Op/Ed: Sacrifice of Baba Ram Singh in light of martyrdom of two Sikhs of post ’47 struggle

Different people are interpreting the move of Sikh saint Baba Ram Singh Nanaksar Wale who purportedly shot himself with a pistol for the cause of farmers agitating against three draconian laws introduced by BJP-led union government of India, with their own intellect. While the majority is hailing him as a “martyr” of the Sikh Panth, some people are expressing their reservation that “it is an act of suicide that has no place in the Sikh principles”.

His supreme sacrifice is being undermined despite his clarification in his first letter that this is his way of lodging protest against the oppression being committed by the government on the farmers. In his second letter that was disclosed a day after his death, he gives a reference of gurbani to support his argument.

English translation of the point he raises in the letter is: “Don’t consider it a suicide at all. As per gurbani, suicide is committed by those who don’t chant the name of Waheguru”

Baba Ram Singh’s move needs to be seen through the prism of the supreme sacrifice of two great Sikhs who chose to die for the cause of Panth, in the Sikh struggle fought against the Indian state after decolonization.  

Before putting light on the sacrifices of these two devout Sikhs, the deeds of the former Shiromani Akali Dal (SAD) president ‘Sant’ Fateh ‘Singh’ need to be mentioned here.

A successor of Master Tara Singh, ‘Sant Fateh Singh’ did ardas before Akal Takht Sahib, highest Sikh temporal seat, and took a solemn vow to self-immolate, but he abandoned it on the pretext of war with Pakistan. Again he declared his intention to commit self-immolation if Chandigarh and the Punjabi speaking area were not merged with Punjab. Even as no demand was met by the then Prime Minister Indira Gandhi, he discarded the commitment done before Guru again in the 1970s.

On July 6, 1969, Sikh politician and a devout Sikh Sardar Darshan Singh Pheruman called upon Fateh ‘Singh’ to redeem his vow. He also made it known that if failed the people, he would undertake a fast unto death. And he did what he said. On the 74th day of his fasting, Sardar Pheruman died for the cause of Punjab and Panth.

His name is prominently honoured among the martyrs of the Sikh faith. Those who are questioning the method of Baba Ram Singh of making the sacrifice should be asked if there is any instance of undertaking fast unto death by any Sikh in the old history of the Sikhs. Change in the time and system brings the change in methods of war. Secondly, the reason behind the death is more important.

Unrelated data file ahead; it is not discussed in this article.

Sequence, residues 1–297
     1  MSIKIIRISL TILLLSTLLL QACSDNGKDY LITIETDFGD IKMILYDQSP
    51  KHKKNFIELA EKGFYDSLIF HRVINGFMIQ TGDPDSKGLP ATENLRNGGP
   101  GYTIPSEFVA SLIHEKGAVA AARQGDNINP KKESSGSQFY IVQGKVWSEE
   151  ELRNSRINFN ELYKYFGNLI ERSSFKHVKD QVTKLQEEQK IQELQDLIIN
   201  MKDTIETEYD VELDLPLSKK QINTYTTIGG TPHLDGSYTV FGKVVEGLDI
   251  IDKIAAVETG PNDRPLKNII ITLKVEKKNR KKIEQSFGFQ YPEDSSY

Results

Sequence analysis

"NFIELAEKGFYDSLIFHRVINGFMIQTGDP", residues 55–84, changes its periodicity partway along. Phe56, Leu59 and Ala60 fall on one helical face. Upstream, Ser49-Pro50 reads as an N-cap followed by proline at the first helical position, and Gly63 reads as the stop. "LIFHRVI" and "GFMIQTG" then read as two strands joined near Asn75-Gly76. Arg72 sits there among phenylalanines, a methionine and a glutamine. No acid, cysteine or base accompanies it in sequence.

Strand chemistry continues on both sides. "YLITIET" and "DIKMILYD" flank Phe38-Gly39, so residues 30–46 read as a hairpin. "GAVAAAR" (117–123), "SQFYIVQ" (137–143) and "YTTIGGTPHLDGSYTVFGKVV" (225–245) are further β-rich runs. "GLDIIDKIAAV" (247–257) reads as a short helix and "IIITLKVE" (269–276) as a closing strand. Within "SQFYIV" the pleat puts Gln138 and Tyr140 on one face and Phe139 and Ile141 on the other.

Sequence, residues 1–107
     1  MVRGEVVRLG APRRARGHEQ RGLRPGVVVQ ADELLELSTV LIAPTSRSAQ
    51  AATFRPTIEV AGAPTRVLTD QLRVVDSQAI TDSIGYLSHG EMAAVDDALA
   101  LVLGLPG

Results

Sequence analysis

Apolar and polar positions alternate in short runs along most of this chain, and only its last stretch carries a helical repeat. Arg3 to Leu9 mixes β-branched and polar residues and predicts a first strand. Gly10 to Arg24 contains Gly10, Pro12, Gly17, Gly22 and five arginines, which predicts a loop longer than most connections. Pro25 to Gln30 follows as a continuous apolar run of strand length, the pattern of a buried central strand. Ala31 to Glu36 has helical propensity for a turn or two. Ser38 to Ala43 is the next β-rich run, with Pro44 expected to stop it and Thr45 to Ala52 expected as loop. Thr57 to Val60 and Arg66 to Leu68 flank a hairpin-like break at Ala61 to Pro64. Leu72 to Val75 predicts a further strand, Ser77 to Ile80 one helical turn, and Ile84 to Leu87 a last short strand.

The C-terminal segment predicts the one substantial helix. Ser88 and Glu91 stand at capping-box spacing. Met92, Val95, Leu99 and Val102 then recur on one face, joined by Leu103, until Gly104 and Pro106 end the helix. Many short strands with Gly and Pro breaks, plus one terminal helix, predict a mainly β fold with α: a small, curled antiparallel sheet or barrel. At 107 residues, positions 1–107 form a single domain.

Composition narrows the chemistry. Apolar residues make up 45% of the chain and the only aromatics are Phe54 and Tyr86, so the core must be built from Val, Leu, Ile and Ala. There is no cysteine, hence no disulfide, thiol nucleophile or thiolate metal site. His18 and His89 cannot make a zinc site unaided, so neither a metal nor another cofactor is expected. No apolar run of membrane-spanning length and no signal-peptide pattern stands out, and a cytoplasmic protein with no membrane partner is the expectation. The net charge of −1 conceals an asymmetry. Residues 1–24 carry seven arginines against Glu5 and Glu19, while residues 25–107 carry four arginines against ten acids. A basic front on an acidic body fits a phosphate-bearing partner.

A contemporary of Sardar Pheruman, Bhai Nand Singh who was serving as granthi in the gurdwara of Bahadarpur in Amritsar district, had become a martyr for the same cause but he is not well known in the Sikh community. Even Master Tara Singh had hailed his martyrdom as one of the greatest events in Sikh history.

After Fateh ‘Singh’ absconded from his solemn vow taken to self-immolate, the accusation of cowardice was leveled against the Sikhs. Bhai Nand Singh got upset over this accusation that could only be washed away by the martyrdom of any Sikh. The Sikh who took this responsibility voluntarily was Bhai Nand Singh who originally belonged to a non-Sikh family of Maharashtra but embraced Sikhi after getting impressed by the Sikh principles.  

Bhai Nand Singh immolated himself on the premises of Sri Harmandar Sahib, only because he could not bear it being said of the Sikhs that they are afraid of dying even after making sacred commitments. He doused himself with petrol only for the purpose of wiping off the blemish inflicted upon the forehead of the panth by the act of Fateh Singh, who twice dishonoured the vow to immolate himself.

In his book titled ‘Web of Indian Secularism—Chakravyuh’, Gurtej Singh, former IAS officer, writes, “He came to Sri Akal Takht on December 27, 1966, to witness the self-immolation of the Sant and his companions. The scene he saw there greatly distressed him. Later on, he described it with great anguish to his friend Narinder Singh, an advocate”.

“His feelings were similar to those of his great contemporary Pheruman. His resolve too was the same. It disturbed him greatly that the ardas (the religious commitment) had been violated. He felt that the Guru would abandon the Sikh people if amends were not made. He wrote a letter to Sant Fateh Singh chiding him for cowardice and offered to carry out to culmination the vow taken by the Sant. The Sant did not acknowledge the letter and later denied that it had been received at all. It was recovered from his office and was published”, he writes further.

Like Baba Ram Singh, he too left two letters behind—one was addressed to sangat, other to the sarpanch of his village.

English translation is also given in this book. “I, Nand Singh, the servant, greet Sardar Ajmer Singh and all the Sangat – Victory be to the Wondrous One. On hearing of the great glory of the Khalsa while in the Deccan, I had decorated myself as a Singh and had taken amrit. I understood from the tales of chivalry of the Sikhs that a Sikh always considers his word to be inviolable. For a long time now the Sikh leaders have rescinded solemn vows of self-immolation on pretext or the other. I cannot bear this insult to the Panth. A Sikh can become a martyr; he can die (for a cause). I have got a martyr’s dress stitched. For the purpose of bringing sense to the leadership and of making Sikh traditions well-known, I will offer martyrdom. You will hear of this. The Khalsa Panth of the Guru will be transported to an ascendant mood. Please forgive your servant…”



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